The number of children using mental health services in Vermont has doubled over the past two decades, according to a recent task force report from Building Bright Futures, a Williston-based non- profit. The report found that in 1999, roughly 1,700 children ages nine and under used mental health services in Vermont. Despite the state’s shrinking population, 3,322 children used the same services in 2018.
Building Bright Futures (BBF), a public-private partnership, monitors the state’s early care, health and education systems. Established in 2010 by law, it advises Vermont administration and legislation on early childhood policy.
Beth Truzansky, Deputy Director of BBF, sees the increase in mental health service use as a preventative measure rather than as a social response. The report results point to a cultural shift in mental health education and increased awareness of mental health services.
The BBF State Advisory Council formed an Early Childhood and Family Mental Health Task Force in 2019 to address the importance of mental wellbeing among Vermont children and families. In response to the notable increase in mental health service usage, both state and nationwide, the State Advisory Council started a conversation with Vermont families and spearheaded the report.
The 2020 report highlights the number of families with children under the age of nine who walk through the doors of Vermont mental health agencies. These families access crisis services and other forms of support, such as home-based therapy and case management. The study includes children in residential care, Vt. Dept. of Children and Family custody and specialized child care.
The increase in mental health service use does not reflect any particular cause. “It’s hard to point to one [factor],” said Cheryle Wilcox, Interagency Planning Director at Vermont Department of Mental Health and BBF State Advisory Council co-chair. She said, however, that familial trauma and substance abuse are major drivers.
Another definite contributor is the ongoing opioid epidemic and its impact on rural Vermont families. The number of babies born with opioid dependencies hit a peak about five or six years ago, according to the Department of Mental Health. Now entering elementary school, these children face greater mental health challenges than some of their peers.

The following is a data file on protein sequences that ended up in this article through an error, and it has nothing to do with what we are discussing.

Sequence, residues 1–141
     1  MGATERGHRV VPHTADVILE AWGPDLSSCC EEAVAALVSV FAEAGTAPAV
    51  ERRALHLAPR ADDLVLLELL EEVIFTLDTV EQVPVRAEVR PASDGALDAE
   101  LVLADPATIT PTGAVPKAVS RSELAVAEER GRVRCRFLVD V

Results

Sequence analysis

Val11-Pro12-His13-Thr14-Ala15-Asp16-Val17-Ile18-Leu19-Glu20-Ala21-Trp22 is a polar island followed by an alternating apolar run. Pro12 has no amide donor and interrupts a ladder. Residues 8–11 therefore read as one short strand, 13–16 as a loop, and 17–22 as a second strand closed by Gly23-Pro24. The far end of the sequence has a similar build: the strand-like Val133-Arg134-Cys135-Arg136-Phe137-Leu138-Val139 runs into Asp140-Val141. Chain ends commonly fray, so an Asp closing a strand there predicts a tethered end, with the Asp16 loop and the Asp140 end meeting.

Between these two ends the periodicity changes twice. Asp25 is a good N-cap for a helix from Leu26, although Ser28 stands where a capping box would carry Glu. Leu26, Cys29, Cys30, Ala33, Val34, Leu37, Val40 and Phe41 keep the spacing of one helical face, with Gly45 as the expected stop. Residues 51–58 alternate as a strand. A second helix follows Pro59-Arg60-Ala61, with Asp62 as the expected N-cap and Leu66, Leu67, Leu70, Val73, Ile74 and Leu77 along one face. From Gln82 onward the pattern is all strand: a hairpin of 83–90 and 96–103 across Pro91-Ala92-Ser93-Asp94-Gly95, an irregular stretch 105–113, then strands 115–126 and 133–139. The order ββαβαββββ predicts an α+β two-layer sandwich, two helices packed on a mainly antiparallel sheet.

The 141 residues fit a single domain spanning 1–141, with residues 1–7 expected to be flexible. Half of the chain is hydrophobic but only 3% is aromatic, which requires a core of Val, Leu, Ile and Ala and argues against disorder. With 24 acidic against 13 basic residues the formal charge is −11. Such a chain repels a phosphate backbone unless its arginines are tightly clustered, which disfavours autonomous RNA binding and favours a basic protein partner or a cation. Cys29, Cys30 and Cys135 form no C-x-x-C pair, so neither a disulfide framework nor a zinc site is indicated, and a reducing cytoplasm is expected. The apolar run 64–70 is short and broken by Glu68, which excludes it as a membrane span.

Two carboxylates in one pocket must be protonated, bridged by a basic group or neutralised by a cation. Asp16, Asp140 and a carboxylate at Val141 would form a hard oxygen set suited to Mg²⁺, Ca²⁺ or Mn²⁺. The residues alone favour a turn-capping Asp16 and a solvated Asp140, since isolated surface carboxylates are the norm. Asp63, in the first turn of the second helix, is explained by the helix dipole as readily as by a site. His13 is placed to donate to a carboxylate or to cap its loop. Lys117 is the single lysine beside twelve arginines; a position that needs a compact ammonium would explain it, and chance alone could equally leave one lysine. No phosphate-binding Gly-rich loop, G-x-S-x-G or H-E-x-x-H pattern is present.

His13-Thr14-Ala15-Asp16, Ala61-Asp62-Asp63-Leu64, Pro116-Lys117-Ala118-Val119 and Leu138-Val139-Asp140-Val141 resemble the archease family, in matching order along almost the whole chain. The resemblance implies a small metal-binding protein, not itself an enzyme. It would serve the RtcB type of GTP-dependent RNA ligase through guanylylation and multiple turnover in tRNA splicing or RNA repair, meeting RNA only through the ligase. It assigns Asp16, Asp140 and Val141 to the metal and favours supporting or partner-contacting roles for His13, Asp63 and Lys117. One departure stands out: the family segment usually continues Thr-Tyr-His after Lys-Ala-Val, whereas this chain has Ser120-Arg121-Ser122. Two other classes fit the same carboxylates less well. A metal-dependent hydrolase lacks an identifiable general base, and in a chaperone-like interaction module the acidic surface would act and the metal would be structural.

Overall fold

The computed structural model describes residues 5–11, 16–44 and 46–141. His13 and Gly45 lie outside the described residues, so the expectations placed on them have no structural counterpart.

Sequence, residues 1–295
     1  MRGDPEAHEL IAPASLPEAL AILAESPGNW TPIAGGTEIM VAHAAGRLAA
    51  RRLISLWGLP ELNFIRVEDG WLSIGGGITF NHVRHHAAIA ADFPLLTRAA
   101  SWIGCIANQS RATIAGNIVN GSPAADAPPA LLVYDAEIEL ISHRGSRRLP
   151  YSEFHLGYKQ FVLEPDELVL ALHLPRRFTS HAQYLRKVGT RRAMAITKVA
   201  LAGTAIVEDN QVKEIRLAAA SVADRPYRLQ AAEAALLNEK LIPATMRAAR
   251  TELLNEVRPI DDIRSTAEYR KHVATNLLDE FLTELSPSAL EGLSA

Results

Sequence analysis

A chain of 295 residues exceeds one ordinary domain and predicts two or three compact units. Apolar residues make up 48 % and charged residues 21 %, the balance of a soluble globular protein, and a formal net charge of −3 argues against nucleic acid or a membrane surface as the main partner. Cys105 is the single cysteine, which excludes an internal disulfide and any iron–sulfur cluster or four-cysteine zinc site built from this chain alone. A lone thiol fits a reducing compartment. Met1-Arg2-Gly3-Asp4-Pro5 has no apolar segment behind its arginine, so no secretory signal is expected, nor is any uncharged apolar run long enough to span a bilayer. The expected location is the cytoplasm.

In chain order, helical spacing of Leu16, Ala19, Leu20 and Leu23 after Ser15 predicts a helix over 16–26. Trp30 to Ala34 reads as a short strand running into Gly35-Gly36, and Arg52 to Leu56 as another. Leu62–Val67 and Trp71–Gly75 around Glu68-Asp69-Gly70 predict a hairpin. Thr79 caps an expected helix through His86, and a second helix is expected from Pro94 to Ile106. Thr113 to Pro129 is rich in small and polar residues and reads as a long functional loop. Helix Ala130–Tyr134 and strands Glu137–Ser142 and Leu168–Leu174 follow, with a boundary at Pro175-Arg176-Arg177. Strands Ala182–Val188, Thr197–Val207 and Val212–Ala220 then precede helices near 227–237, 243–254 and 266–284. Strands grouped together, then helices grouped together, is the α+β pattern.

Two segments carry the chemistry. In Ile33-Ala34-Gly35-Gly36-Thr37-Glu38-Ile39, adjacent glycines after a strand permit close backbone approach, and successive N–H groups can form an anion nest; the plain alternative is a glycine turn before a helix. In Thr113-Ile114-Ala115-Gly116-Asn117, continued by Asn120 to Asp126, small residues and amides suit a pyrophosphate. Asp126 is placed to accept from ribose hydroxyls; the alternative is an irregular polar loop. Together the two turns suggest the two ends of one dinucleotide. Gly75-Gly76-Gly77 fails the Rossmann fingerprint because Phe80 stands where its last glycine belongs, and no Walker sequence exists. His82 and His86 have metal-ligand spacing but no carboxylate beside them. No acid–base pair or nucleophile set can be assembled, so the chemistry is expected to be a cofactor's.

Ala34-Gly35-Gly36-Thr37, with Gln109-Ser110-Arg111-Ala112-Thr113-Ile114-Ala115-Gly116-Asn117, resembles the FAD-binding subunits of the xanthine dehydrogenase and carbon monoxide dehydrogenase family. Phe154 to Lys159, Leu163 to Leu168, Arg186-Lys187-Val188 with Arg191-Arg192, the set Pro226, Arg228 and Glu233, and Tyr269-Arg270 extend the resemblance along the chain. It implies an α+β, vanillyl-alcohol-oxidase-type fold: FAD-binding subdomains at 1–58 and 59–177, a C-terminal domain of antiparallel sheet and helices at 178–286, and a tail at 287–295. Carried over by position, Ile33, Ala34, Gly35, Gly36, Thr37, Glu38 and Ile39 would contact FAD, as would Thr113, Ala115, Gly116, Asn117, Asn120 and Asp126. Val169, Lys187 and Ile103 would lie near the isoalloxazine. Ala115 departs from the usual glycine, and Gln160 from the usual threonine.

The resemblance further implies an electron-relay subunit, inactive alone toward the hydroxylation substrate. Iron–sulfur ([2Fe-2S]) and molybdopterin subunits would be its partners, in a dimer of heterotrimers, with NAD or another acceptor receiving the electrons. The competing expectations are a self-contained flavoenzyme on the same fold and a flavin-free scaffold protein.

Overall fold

“I would not call [the results] an epidemic,” Truzansky said. “We are trying to raise awareness that it’s good for people to find support when they need it and we want those supports to be available.”
“We don’t want a crisis,” she added. “We want to support kids and families so that when kids are adults, they can deal with whatever stressors that may come. We are investing in families so that kids are growing up in safe and supportive spaces in which they can build relationships.”
Although the report’s data does not indicate patients’ socioeconomic status, both Truzansky and Wilcox agree that lower income families are at a higher risk of mental illness.
The two said that, especially in rural Vermont, a lack of resources, transportation and employment add to mental stress.
“When parents are struggling through issues, their basic needs are also challenged,” Wilcox said.
BBF has case managers that help connect families to resources to relieve food and housing insecurity, in an effort to ease the stress on parents. “With young children, their caregiver is the person that’s with them most of the time,” Wilcox said. “Therefore, it’s important for us and for everyone to support parents so that they have the capacity and support they need to be taking care of their children.”
Healthcare accessibility is also challenged by Vermont’s high cost of living and persisting decrease in population.
“There are a lot of vacancies in our community mental health agencies,” Wilcox said. “I think there’s this piece of young children who’ve experienced trauma, and then this issue of trying to recruit workforce and retain people.”
Wilcox added that working in childcare is often a labor of love.
“Early care and learning and mental health is not a high paying field,” she said. “That’s been tough — to have [enough] people in place to support children when they need help.”
Insurance is able to remove certain financial barriers to mental healthcare. Ninety-eight percent of children who access health service providers have their visits covered by insurance, the result of the federal mandate for child Medicaid.
Mental health agencies in Vermont accept Medicaid, as well as private insurance. “It’s something we do really well in Vermont — making sure patients are insured,” Wilcox said.
Currently, BBF works to elevate mental healthcare accessibility by coordinating with mental health agencies and early learning centers. In designated regions of Vermont, a BBF coordinator brings people together to address youth mental health on a local scale.
Within Addison County, BBF has worked with community mental health agencies, the Vermont Department of Health and other parent/child centers to launch an initiative called “Ok. You’ve Got This.” Its mission is to foster youth resilience through public awareness and educational campaigns. “It’s really about how we can make sure, with the challenges going on, that we instill hope and that people can bounce back from hard times,” Wilcox said. “‘Ok. You’ve Got This’ is a nice way to say that there are challenges, but there are things you can do.”
Efforts made by nonprofit organizations and public health agencies strengthen the availability of their resources. As young Vermont children and their families seek mental health services, they prevent depression, create stability and promote healthy development for generations to come. “We all go through hard times,” Wilcox said. “[But] there are specific things parents can do to help their children.”